Do you know how I know that? I’m a parent. And that’s what I hope I’ve (we’ve) instilled in my children. Have a soul. Be thoughtful. Do the right thing, whenever possible. Don’t let having done the wrong thing (because we all do!) justify doing the wrong thing again. And the main thing my wife has hammered into my head over decades, which has finally taken hold, sorta: It’s more important to be kind than right. To be fair, I enjoy being right more than almost anything, so in my daily life I aspire to being both. When I can.

So OK, all of this is backward-looking, which is of limited value. In the Boris Johnson article, we are reminded that many in the UK are troubled by how indecisive or uninformed or scattered he and his people are being with regard to COVID policy. In comparison, people here in the US who are displeased with Donald Trump’s COVID response are displeased with his rigid adherence to the “this is not a problem, we are doing great” talk track and aggressive “reopen business” mandate. I guess my question is, which is better? What are we more comfortable with?

It’s an important question, because I feel like – starting with the debate tonight – we might have an opportunity to test the candidates, as well as ourselves. If there’s one thing I’ve learned during four years of President Donald Trump, it’s that he absolutely will not change, no way, no how, and when challenged based on his motivations he will respond by defending his point of view and inflaming those who agree with it. How would President Joe Biden respond? We can only guess, since he has never been president before. That said, the only thing we have control over is WHAT DO WE WANT?

I can answer that for me, certainly. I want a guy (or gal, let’s be clear) who is more like my wife. I want someone who will admit his humanity, define himself by it. I want someone who is principled but fallible. I want someone who will make mistakes within reason, acknowledge them, learn from them, and do better. I want someone who earns our support by earning our trust. I recognize that there are bad people out there, powerful people who are bad: people without principle who don’t play by the rules. I can only imagine what it would be like to line up behind a leader who was under attack by such people but who had earned my support and respect by being unwilling to bow to the base instincts of mankind.

This has gotten pretty political, obviously. I’m not sure how any conversation, about anything, over the next several weeks can escape being political. I won’t apologize for it, but I also won’t reduce myself to campaigning for, or against, anyone. I would love it, though, if people around the nation would think, mull over questions, push themselves out from their comfort zones – in the privacy of your own mind – about these important issues. Because the choices we make, including those we decline to make, are the choices we own. And we are responsible for the consequences therefrom.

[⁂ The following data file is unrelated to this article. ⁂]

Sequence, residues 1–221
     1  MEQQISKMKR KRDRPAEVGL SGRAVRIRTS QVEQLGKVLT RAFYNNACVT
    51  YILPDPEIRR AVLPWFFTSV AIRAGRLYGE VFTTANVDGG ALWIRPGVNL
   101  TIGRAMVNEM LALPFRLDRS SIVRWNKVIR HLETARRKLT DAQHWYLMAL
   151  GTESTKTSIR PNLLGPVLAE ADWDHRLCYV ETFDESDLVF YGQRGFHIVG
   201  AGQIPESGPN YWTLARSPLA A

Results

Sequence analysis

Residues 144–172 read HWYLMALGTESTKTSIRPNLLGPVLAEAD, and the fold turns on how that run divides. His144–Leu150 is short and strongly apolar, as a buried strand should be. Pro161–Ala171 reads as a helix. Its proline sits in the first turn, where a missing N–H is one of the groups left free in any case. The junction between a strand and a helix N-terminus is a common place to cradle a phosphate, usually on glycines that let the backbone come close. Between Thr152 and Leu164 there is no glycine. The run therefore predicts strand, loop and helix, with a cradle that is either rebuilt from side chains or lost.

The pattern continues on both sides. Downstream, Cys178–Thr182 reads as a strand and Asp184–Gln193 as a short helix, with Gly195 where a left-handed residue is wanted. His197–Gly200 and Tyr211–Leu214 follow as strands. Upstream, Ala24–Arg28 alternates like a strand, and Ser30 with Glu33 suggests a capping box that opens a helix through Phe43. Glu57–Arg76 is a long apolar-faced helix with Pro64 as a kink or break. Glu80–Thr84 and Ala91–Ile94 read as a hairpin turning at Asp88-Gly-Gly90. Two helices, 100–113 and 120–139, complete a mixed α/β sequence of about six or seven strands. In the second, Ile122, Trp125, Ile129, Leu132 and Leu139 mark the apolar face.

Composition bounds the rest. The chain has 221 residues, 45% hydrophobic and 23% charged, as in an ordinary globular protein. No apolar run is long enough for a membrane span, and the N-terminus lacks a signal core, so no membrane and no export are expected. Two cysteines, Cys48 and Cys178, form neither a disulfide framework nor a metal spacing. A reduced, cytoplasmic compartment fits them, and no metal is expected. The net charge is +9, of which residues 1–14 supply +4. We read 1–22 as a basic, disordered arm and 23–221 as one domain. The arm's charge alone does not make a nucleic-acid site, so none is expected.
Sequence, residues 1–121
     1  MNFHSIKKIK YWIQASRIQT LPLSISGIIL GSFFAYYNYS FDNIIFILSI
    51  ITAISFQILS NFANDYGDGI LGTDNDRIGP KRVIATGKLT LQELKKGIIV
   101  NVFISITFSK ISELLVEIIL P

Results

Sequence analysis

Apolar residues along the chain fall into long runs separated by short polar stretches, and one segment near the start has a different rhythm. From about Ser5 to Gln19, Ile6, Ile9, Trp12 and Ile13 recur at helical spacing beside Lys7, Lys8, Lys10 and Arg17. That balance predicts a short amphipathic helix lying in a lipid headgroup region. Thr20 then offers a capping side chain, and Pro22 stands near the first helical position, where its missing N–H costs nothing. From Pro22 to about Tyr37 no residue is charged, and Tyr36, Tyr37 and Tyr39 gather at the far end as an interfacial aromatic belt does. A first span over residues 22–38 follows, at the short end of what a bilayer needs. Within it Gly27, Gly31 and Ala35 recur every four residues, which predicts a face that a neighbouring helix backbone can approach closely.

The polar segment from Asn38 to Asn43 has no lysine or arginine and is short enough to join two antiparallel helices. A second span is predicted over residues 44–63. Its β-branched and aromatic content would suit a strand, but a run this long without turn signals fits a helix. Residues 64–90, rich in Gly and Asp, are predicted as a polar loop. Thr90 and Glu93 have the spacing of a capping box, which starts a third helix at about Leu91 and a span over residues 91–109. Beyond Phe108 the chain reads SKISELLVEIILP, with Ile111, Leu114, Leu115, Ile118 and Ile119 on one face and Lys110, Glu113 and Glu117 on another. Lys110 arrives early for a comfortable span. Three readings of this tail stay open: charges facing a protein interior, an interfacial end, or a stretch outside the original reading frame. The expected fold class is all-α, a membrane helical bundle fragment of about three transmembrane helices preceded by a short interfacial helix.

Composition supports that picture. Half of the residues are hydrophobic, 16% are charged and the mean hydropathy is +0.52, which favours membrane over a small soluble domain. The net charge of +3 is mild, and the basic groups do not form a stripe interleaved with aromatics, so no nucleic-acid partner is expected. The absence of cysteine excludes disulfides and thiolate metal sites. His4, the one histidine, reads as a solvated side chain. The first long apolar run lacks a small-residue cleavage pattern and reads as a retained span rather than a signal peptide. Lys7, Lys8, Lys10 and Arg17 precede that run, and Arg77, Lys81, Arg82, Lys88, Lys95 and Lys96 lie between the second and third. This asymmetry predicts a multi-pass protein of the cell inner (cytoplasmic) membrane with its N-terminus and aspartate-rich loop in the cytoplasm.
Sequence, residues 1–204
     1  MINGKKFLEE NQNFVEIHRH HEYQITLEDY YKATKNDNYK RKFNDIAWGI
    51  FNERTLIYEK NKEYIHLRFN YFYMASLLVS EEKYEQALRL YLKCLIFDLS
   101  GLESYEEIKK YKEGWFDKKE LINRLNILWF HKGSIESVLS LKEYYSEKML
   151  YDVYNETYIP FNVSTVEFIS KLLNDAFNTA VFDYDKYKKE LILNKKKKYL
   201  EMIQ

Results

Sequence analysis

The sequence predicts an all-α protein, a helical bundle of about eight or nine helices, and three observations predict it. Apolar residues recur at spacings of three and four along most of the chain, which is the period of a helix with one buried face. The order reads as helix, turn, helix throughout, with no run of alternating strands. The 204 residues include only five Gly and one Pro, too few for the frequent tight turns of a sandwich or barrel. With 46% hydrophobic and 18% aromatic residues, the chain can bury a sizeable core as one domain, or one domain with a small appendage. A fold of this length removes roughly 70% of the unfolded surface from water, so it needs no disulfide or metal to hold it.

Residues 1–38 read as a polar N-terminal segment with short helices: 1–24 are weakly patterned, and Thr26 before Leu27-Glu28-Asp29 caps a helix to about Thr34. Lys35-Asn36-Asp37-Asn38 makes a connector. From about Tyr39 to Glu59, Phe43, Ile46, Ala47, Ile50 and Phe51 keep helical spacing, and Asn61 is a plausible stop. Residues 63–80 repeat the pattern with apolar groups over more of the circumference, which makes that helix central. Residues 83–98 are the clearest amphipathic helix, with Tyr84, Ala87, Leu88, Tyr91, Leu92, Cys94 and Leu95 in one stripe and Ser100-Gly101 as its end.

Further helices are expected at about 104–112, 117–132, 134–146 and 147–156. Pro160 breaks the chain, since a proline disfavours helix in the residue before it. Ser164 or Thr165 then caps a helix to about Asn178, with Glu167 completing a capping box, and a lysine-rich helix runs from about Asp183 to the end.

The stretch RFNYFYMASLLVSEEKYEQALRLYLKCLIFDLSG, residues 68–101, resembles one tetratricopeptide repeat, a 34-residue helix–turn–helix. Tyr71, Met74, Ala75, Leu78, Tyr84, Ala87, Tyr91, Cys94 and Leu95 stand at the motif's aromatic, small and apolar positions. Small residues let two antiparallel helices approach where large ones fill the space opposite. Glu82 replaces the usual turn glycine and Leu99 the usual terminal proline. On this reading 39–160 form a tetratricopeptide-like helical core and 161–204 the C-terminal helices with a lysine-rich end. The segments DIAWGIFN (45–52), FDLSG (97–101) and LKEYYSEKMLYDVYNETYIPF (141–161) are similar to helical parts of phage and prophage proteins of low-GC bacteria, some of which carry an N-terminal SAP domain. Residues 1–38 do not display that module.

Over the past year, accelerated by the wear and tear of George Floyd and Breonna Taylor, I have come to believe the base narrative that systems of government, society and business have all been engineered in the context of a white reality in which both whites and non-whites reside. This is traumatic for me. Further, I refuse to be branded by this information, nor reviled because I am white and grew up in the only manner available to me. Anyone who wants to make judgments about me based on being a gainfully employed white guy in his fifties can suck it.

But that said, I own who I am and what I want. I can look back and see a time when life was easier and more comfortable and, if I’m a pinhead, long for those times. But since I’m not a pinhead, I can also look forward to a time that is different than “the good old days,” and maybe not easy in ways that I don’t even understand yet; but that is a better time. When I was younger I wanted to be a screenwriter, a jet pilot, a singer-songwriter. I’m none of those things, and that’s okay because I have people I care about, who care about me, and a desire to be a good person.

I recognize if I was a superstar it would be a lot harder to put all that at risk in order to be a good person, open to change, open to growing. We’re taught to want what we want and to hold on desperately to what we get. Maybe the only thing of value I have are the people I keep close. Maybe I just don’t have enough material wealth to be concerned about losing what I have or sharing what I could have.

Or maybe it’s as simple as this: I want to hold onto my humanity. I want that to be how I live, and how I’m known; and, eventually, how I’m remembered. And I’m curious how many others there are like me out there.